Senators Joe Paskvan, Dennis Egan, and Gary Stevens during the closeout hearing of the Senate Finance DEED Subcommittee, March 20, 2012
This blog contains highlights from the Alaska Education Update. The update is issued daily during session and contains detailed summaries of education issues under consideration by the Alaska State Legislature. If there is a hearing on a Monday, a report will, with few exceptions, be released by Tuesday morning. There is also a weekly edition of the update. During interim, reports are issued only when there has been action. Interim action may include hearings, bill signings, the release of the Governor's proposed budget for the next fiscal year, and other items that may be of interest to the education community.

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Thursday, February 9, 2012

Correction: Advisory Programs NOT YET Required for Postsecondary Institutions to Accept APS Awards


I need to retract my statement that advisory programs are required at postsecondary institutions in order for them to accept Alaska Performance Scholarship awards.  The original legislation passed to establish the program does not contain a requirement that postsecondary institutions have advisory programs (SB 221, passed in 2010 http://www.legis.state.ak.us/basis/get_bill.asp?session=26&bill=SB221). 
 
However, both HB 104 (http://www.legis.state.ak.us/basis/get_bill.asp?session=27&bill=HB104) and SB 43 (http://www.legis.state.ak.us/basis/get_bill.asp?session=27&bill=SB43) which establish a funding mechanism for the scholarship program require advisory programs at postsecondary institutions in order for them to accept Alaska Performance Scholarship awards.  So that legislation, if passed, will either have to have that provision removed, or funding will have to be reinstated for advisory programs at the University of Alaska in order for them to receive Alaska Performance Scholarship awards on behalf of recipients.

Governor Parnell Zeroes Out Funding for University of Alaska Advisory Programs, Putting Performance Scholarship Awards at Risk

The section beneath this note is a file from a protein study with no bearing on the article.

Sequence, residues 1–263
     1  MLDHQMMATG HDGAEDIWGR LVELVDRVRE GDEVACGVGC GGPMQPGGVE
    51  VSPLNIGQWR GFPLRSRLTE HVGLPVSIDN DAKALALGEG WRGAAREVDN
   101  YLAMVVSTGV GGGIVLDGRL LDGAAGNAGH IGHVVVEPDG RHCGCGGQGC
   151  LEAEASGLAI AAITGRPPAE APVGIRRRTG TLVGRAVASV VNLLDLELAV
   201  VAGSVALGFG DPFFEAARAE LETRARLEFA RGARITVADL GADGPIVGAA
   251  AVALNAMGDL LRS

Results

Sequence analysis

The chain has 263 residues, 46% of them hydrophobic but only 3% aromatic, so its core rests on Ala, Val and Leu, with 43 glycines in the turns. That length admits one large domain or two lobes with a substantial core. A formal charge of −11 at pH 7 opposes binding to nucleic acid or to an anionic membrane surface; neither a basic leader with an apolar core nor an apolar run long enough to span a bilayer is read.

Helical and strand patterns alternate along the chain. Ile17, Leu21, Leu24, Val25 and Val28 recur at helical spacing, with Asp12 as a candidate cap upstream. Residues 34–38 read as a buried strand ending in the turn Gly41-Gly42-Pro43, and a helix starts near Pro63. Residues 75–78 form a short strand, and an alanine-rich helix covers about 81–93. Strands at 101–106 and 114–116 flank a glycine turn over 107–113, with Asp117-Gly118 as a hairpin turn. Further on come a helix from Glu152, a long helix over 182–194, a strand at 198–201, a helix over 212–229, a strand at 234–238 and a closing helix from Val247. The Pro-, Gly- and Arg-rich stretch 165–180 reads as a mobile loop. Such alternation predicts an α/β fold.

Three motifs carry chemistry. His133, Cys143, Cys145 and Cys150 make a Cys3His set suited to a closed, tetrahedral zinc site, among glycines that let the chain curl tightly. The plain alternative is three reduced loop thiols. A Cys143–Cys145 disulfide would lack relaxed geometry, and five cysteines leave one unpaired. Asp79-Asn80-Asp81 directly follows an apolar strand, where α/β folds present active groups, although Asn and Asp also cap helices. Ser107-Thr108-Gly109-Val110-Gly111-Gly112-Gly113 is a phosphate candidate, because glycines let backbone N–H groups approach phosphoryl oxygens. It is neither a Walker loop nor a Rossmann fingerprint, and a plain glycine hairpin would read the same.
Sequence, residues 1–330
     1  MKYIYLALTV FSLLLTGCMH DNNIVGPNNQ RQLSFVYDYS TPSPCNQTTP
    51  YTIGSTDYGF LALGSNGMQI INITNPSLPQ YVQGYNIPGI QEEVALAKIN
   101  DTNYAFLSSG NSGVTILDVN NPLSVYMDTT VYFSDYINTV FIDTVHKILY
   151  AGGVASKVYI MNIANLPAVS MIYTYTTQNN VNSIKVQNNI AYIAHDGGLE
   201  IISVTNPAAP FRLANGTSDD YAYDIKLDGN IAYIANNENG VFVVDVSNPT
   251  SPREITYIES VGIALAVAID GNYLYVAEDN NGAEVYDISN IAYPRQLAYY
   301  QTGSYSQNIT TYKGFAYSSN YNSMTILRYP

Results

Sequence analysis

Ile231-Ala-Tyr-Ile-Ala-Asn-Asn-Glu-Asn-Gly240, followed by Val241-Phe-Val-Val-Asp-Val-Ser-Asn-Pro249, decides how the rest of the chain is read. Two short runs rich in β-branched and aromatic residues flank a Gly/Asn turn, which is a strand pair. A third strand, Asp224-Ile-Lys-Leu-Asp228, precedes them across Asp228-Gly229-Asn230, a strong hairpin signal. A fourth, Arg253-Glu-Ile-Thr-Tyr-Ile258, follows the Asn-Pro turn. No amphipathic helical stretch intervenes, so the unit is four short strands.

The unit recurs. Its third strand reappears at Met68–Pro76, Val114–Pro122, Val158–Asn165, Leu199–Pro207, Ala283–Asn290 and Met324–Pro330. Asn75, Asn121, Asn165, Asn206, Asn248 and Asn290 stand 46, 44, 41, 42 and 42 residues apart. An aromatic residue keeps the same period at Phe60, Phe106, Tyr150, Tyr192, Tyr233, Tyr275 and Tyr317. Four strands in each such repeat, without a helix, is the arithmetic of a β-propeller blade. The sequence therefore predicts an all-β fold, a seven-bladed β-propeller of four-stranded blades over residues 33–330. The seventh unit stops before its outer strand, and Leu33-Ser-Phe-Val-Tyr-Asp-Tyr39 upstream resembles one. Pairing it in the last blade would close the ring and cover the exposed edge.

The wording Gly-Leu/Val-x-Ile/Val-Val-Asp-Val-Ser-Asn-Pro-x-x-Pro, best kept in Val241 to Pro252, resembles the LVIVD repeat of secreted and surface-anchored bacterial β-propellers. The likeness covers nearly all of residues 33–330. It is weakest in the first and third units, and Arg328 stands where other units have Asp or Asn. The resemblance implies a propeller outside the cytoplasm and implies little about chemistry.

On Wednesday, University of Alaska President Patrick Gamble testified at the end of the House Education Committee, telling the committee that Governor Parnell's proposed FY 13 operating budget left out ALL of the funding (every single cent, zeroed the whole program out - even funding originating from the university) for student advisory programs at the university.  


Those are the same advisory programs that post-secondary institutions will be required to have in order to accept Alaska Performance Scholarship awards if the legislation establishing a funding mechanism for the program is passed.  Both HB 104 (http://www.legis.state.ak.us/basis/get_bill.asp?session=27&bill=HB104) and SB 43 (http://www.legis.state.ak.us/basis/get_bill.asp?session=27&bill=SB43) require advisory programs at postsecondary institutions in order for them to accept Alaska Performance Scholarship awards.  So that legislation, if passed, will either have to have that provision removed, or funding will have to be reinstated for advisory programs at the University of Alaska in order for them to receive Alaska Performance Scholarship awards on behalf of recipients.


President Gamble also made the point during his testimony that every career he could think of starts at a higher salary than teachers, and that teacher pay is an issue they can't ignore. 


All the funding for the Institute for Social & Economic Research (ISER) was also zeroed out from the governor's proposed budget.  George Rogers is likely rolling in his grave (or was he cremated?  I don't know). 


Lots of testimony Wednesday in the Senate Finance Committee on SB 171.  Sen. Hoffman got a little testy about people discussing pink slipping.  He said he was under the impression that forward funding education would remove that issue (which it largely has).  However, as pointed out by John Alcantra, flat funding still creates pink slipping issues, due to budget deficits.  I think Hoffman would have appreciated recognition of SB 97, which establishes a fuel supplement for school districts and municipalities when fuel prices are high.